When Gov. Jerry Brown signed Assembly Bill 130, the Development, Relief and Education for Alien Minors Act, better known as the Dream Act, into law he unleashed a storm of controversy. The new law has simultaneously brought hope to the college dreams of undocumented students and become a nightmare for Republican assemblymen.
The law is aimed at undocumented students who attended high school in California for at least three years, and either graduated or earned a GED diploma. To be eligible for the act, students must also sign an affidavit promising to apply for citizenship as soon as possible. The Dream Act allows students who meet these requirements to apply for the state’s Cal Grant financial aid program. That doesn’t mean they’ll automatically get money. It simply means they have the same chance to get help as any other student who lives in California.
The Dream Act is not only fair; it makes good financial sense. It is fair to undocumented students who are simply trying to get an education in the country they’ve built their lives in. It also makes sense for a state not producing enough educated workers to remain at the forefront of the tech and science industries of tomorrow.
To understand the importance of the Dream Act, we need to look at the students being helped. They are students who were brought to America as children, often too young to even know what was happening. They went to school, studied hard, even attended prom like any average student. Now they’re being told they don’t deserve help in paying for an increasingly expensive college education.
I’m not saying we should ignore the fact these students are here illegally. Ideally, they would all have come into the country legally. Unfortunately, most poor, ill-educated immigrants working minimum-wage jobs in America can’t afford to spend thousands of dollars in lawyer expenses and other fees to navigate the bureaucratic nightmare that is the residency and naturalization process. As it stands today, it is an unreasonably expensive system where becoming a citizen can take close to two decades.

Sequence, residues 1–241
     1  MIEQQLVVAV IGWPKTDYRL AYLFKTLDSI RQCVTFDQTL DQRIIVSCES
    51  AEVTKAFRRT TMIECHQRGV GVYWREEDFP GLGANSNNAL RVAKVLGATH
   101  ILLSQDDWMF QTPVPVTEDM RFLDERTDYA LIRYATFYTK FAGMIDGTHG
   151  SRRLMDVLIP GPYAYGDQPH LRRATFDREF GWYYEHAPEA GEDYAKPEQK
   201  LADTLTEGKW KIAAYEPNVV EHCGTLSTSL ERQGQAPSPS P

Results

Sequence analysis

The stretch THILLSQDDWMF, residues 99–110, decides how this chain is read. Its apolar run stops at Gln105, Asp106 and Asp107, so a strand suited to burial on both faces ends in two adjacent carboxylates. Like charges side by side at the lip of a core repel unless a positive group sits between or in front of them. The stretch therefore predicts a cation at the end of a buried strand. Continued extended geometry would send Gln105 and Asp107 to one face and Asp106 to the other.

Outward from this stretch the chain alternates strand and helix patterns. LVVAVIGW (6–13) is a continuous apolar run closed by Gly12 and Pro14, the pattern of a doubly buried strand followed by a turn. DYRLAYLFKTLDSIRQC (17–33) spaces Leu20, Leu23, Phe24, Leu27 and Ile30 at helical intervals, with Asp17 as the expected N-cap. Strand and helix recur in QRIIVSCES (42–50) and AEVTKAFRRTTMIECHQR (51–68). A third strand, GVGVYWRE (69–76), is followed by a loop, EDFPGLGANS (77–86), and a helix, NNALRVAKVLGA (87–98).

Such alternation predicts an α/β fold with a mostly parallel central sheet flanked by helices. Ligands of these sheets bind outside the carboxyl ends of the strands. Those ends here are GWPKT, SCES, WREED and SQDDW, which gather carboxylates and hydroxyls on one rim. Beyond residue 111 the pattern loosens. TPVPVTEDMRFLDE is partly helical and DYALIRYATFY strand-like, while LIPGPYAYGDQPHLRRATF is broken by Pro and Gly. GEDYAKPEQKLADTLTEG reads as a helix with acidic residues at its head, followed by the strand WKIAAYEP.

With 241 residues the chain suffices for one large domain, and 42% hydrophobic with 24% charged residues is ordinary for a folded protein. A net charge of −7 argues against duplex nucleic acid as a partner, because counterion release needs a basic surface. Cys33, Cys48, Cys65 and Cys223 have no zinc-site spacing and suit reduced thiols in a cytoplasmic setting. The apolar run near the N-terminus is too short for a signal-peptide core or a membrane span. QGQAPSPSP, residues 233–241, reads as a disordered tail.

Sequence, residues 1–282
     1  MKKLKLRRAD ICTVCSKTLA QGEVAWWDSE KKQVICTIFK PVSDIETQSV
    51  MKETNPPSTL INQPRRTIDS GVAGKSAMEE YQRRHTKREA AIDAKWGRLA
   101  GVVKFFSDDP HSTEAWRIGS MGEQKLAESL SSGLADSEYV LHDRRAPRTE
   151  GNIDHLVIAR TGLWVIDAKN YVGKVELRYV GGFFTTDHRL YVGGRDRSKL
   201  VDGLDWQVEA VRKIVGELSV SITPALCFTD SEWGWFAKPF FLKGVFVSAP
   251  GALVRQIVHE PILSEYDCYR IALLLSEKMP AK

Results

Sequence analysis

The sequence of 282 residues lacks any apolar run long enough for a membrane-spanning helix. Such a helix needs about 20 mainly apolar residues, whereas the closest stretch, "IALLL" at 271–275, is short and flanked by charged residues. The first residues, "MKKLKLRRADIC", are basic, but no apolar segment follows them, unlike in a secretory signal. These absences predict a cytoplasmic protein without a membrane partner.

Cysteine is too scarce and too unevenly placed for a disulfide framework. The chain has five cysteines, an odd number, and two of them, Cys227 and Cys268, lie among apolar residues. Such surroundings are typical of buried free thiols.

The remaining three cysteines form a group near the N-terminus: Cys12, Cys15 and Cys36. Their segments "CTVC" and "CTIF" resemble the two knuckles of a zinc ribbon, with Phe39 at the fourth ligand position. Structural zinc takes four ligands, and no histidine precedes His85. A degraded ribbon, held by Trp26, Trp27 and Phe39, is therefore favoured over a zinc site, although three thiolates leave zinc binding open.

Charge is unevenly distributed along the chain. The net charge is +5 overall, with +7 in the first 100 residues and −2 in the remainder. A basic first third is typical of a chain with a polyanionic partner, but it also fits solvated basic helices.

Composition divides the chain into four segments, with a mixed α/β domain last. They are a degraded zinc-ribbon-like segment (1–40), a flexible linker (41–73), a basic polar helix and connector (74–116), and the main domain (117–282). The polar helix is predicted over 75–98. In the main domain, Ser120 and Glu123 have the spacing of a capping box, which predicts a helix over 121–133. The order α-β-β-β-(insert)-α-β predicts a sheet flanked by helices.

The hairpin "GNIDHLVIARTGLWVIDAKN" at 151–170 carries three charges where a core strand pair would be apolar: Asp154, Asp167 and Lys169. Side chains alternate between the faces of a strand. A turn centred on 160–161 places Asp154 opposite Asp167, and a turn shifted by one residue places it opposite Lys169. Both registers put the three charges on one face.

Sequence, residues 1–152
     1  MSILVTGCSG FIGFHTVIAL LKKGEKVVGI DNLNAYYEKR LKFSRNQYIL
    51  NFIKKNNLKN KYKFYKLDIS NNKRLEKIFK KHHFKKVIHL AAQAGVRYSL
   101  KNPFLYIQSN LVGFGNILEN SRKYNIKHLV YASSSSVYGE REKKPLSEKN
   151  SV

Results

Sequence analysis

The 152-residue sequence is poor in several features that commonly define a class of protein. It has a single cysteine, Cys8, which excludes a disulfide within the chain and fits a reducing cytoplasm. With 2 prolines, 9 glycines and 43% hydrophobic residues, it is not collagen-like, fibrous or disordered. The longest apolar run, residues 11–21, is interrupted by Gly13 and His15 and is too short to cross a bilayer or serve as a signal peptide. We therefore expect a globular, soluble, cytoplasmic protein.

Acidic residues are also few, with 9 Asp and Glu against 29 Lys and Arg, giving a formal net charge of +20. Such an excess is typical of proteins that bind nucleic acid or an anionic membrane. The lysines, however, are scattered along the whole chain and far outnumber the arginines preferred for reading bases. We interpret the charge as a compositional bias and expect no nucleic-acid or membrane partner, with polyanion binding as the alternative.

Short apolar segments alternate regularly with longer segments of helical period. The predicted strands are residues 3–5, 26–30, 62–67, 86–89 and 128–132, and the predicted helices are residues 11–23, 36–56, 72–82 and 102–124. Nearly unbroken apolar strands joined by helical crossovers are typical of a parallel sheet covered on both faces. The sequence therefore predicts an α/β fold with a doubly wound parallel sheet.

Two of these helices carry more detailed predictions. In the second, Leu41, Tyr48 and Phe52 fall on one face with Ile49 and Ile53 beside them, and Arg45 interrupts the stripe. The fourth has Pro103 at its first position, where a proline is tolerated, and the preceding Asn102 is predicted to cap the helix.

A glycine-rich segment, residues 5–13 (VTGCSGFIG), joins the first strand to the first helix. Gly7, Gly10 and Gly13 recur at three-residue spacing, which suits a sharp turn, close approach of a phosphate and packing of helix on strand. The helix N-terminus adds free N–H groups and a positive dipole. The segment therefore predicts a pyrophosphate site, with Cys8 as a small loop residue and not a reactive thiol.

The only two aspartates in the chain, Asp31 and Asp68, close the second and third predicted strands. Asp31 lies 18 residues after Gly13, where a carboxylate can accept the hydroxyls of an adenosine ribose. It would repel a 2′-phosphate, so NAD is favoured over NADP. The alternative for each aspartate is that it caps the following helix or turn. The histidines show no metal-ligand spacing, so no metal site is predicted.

The reality is these students are here illegally, without any viable path to citizenship. We must decide what we are going to do about them. Are we going to sweep them under the rug, tell them, “Sorry and thanks for the cheap labor,” and effectively create a permanent uneducated lower class? Or are we going to help those students willing to learn get an education and become fully contributing members of society?
Maybe you think helping undocumented students is a nice idea we simply cannot afford. But the truth is, we can easily afford the Dream Act.
Because undocumented students are only eligible for Competitive Cal Grants after all eligible U.S. citizens have received money, there won’t be any real impact. The financial burden will, allegedly, be felt in noncompetitive Cal Grants. Eligible undocumented students in public colleges represent about half of 1 percent of the total student population. Even if all of them somehow received financial aid, it would only increase the number of Cal Grant recipients by about 2 percent. However, because some of the newly eligible students won’t apply or won’t qualify because of grades, the real increase will probably be less than 2 percent.
The Cal Grant system can afford that increase without taking money away from anyone else, because the program has historically run on a surplus. The California Student Aid Commission spokesman Tom Mays admitted the Cal Grant program ended the year with a record $38 million surplus. Since then, funding for Cal Grants has grown to $1.5 billion. While the state government itself is facing financial difficulties, helping undocumented students is something the Cal Grant system can afford to do.
In fact, we can’t afford not to. The Public Policy Institute of California recently announced it predicts a 6 percent gap by 2025 between the number of educated workers in California and the number of jobs requiring a degree. If the state can’t bridge the knowledge gap, those high-paying jobs will disappear. Instead of shunning undocumented students who could help close the gap because of where they were born, we should help them go to college. It isn’t charity; it is an investment into the economic future of California.
As immigrants and their children become educated, they are better able to become naturalized citizens, with all the benefits and responsibilities that entail. In a perfect world, these immigrants would have come here legally from the start. People trying to make a better life for themselves and their families should be able to do so in a legal, efficient way.
Until major immigration reform is undertaken at the federal level to make that dream come true, the Dream Act will have to do.